A new wine- and sashimi-driven restaurant from the folks behind Palo Alto's Bird Dog has just opened its doors at the foot of Franklin Street in Hayes Valley, and it's called Le Fantastique.

As San Francisco slowly returns to its normal self — a place where splashy new restaurants tend to pop open at this time of year and book up fast — we have one new opening to report on in the ground floor of a brand new building at the edge of Hayes Valley. Le Fantastique (22 Franklin Street) is a restaurant and wine bar with a specific and personal point of view, courtesy of Peninsula restaurateurs Robbie and Emily Wilson — and Hoodline reported on its approaching opening back in May.

Bird Dog is known for its elegantly plated seafood crudos, Japanese aesthetic, and fine-dining presentations, and Le Fantastique is a restaurant cut from the same cloth.

Robbie Wilson, who serves as chef, trained with Tom Colicchio, Thomas Keller, and Nobu Matsuihisa before taking over the posh Mattei's Tavern near Santa Barbara, where he won numerous accolades. Bird Dog followed in 2016, and while a global pandemic might have held up the San Francisco expansion, Le Fantastique softly opened last week and is already booking up.

Wilson previously explained to the Chronicle that the new spot was inspired by Wilson's friendship with the late sommelier Chris Robles, formerly of the Wine Cask in Santa Barbara. Eating fish with bread, drinking great wine, and listening to records late into the night — these were things they did together, and what informs the concept at Le Fantastique.

Well sourced, interesting white wines — mostly from France — as well as an array of elegant reds are at the heart of the new menu (glasses range from $14 to $20). You'll also find a half-dozen sashimi/crudo dishes — each essentially just a bite per person if there are two of you — and options to order Japanese-style milk bread freshly baked and warmed to order, along with special butters. To start, the options are regular cultured butter, kelp butter, and a terrific aerated butter dip flavored with mussels and tomato jam.

There are several mid-sized warm plates that also tend to the small side — including some tempura prawns and a pate-like dish made with celeriac. And, at the moment, just two entrees — a delicious but spare poached chicken breast that comes essentially a la carte, with a braised leek and chicken-skin "cracklin," and a $59 Wagyu ribeye.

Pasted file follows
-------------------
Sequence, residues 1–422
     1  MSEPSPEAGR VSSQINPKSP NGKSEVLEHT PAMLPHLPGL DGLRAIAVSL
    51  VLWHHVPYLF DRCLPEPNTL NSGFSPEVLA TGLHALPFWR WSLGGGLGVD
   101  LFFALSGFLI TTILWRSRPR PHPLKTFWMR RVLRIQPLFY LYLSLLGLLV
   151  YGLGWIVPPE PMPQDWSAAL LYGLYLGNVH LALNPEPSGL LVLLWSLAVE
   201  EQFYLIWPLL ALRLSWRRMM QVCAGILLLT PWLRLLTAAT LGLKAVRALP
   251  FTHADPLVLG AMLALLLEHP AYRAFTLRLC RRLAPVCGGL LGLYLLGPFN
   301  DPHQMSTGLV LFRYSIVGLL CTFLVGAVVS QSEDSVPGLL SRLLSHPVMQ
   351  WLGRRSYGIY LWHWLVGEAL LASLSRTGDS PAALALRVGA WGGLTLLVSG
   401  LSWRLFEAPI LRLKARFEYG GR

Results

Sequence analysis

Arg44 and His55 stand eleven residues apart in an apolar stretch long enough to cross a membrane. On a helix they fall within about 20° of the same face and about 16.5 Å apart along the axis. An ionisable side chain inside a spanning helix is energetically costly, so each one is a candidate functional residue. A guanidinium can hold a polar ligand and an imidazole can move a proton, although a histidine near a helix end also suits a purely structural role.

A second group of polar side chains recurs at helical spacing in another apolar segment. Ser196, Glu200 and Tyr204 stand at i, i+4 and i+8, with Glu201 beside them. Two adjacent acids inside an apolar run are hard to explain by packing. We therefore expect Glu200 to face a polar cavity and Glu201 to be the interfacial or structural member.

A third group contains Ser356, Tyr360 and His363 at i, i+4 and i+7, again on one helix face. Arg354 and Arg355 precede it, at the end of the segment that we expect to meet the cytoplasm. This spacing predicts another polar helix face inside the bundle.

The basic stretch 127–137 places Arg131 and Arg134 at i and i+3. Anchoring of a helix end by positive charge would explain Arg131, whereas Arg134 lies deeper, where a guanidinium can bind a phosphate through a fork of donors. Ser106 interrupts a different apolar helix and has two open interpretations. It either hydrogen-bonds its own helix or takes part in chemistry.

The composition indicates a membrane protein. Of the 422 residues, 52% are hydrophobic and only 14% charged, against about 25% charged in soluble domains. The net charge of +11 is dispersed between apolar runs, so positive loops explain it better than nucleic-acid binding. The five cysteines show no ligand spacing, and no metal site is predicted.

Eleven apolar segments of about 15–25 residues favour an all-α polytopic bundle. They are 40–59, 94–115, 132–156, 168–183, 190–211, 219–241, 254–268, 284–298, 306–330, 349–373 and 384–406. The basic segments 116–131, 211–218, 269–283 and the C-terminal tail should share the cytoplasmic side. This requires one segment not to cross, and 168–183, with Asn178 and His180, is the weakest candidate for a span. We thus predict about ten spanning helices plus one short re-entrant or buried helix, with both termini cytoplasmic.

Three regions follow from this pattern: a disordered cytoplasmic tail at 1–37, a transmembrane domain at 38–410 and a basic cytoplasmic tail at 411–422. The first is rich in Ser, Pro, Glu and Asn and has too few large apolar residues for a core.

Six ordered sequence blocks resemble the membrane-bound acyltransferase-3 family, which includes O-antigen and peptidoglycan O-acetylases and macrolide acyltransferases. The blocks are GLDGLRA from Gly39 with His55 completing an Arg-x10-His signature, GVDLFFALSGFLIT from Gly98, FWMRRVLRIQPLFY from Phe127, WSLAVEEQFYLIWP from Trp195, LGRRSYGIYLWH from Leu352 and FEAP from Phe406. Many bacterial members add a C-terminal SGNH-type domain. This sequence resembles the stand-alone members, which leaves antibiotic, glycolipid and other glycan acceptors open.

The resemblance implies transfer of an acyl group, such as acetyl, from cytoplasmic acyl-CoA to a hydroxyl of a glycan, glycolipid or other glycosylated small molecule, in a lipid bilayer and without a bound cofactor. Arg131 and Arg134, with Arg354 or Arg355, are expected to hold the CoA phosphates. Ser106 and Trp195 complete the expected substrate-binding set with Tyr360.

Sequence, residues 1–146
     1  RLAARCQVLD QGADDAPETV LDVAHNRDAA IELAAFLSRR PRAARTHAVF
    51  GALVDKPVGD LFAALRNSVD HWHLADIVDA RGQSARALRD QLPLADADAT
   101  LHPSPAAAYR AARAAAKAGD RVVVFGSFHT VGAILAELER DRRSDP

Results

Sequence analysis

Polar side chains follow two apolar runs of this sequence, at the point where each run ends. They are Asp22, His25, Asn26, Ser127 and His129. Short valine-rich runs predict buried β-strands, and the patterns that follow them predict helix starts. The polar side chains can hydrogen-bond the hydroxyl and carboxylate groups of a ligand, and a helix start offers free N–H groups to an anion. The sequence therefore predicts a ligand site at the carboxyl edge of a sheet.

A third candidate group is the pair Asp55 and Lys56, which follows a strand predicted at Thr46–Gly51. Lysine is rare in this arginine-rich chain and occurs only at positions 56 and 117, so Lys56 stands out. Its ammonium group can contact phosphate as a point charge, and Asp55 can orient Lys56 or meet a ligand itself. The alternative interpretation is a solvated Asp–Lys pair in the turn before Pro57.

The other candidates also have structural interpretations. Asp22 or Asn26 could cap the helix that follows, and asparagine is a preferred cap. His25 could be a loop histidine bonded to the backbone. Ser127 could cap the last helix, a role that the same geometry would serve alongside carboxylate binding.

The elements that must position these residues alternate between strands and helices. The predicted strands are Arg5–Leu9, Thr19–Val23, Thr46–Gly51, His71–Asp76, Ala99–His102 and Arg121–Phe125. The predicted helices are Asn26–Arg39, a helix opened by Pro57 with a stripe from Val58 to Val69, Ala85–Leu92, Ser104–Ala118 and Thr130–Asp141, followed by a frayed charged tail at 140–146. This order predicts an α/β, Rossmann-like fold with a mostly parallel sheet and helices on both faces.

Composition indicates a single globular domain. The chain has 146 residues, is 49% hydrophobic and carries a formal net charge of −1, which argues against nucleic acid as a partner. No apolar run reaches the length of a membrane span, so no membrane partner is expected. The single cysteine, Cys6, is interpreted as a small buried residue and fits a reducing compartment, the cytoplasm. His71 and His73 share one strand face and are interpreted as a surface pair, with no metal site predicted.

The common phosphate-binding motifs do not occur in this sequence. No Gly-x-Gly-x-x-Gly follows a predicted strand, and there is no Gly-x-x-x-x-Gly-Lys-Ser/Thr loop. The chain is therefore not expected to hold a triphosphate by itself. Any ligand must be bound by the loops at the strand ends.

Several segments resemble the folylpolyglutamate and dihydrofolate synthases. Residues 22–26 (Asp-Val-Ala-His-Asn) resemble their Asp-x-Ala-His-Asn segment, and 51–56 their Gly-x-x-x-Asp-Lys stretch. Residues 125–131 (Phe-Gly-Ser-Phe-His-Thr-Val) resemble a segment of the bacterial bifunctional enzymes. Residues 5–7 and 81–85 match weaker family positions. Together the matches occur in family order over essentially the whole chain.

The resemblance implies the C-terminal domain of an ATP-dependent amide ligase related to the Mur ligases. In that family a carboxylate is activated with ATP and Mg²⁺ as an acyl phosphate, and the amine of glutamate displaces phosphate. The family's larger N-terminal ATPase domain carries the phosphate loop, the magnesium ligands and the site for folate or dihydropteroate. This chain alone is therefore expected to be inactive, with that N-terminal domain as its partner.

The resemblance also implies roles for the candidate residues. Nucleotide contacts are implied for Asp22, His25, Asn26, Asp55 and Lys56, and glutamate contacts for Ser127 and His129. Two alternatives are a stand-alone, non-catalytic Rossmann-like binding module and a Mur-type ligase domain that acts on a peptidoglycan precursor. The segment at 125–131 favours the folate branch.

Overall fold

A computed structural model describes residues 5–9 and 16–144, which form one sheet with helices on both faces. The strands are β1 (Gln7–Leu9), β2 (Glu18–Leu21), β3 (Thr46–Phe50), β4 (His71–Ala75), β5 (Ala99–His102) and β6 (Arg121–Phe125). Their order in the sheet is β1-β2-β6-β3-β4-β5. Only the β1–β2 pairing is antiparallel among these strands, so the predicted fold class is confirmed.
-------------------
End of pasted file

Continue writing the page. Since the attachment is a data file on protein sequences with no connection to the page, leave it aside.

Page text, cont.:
The delicious if un-photogenic chicken breast.

The front area of the restaurant has been kept largely open, with an extended wooden bar for standing that could accommodate at least a dozen or more people for wine and bites. The design incorporates sound baffling in the ceiling that's disguised as part of a gridded lighting scheme, and the soundtrack in the space is all being played on vinyl — though there were no whole albums being played when I was there and I didn't see anyone frantically changing discs between songs, so I'm not clear how the playlist was really working.

There are also a couple of McIntosh stereo components that are on display, and in use.

Vinyl serves as part of the front decor as well, with a small space cordoned off by record shelves with a couple of couches, facing the windows to the street — and creating a cozy lounge space meant more for drinking than eating. It's a unique space, though, especially for a high-ceilinged, new-build space, and with warm-lighting and mellow vibes from a mostly 80s alt-pop soundtrack, it evokes an urbane and decidedly cool mood.

The front lounge room.

All told, the concept at the moment feels geared more toward casual snacking and sipping than a full meal, even though most people there on Saturday seemed to be there for a full dinner. Putting together a filling meal for two probably requires three to four of the crudos ($10-$12 each), bread, and several other plates including one of the entrees — so the price per person could get steep, also, unless you're just snacking.

That said, the menu is likely to evolve over time. And the bread and wine are especially fantastique.

Le Fantastique - 22 Franklin Street, SF - Open Tuesday to Saturday for dinner starting at 5:30 p.m. - Reserve here

Photos by Jay Barmann/SFist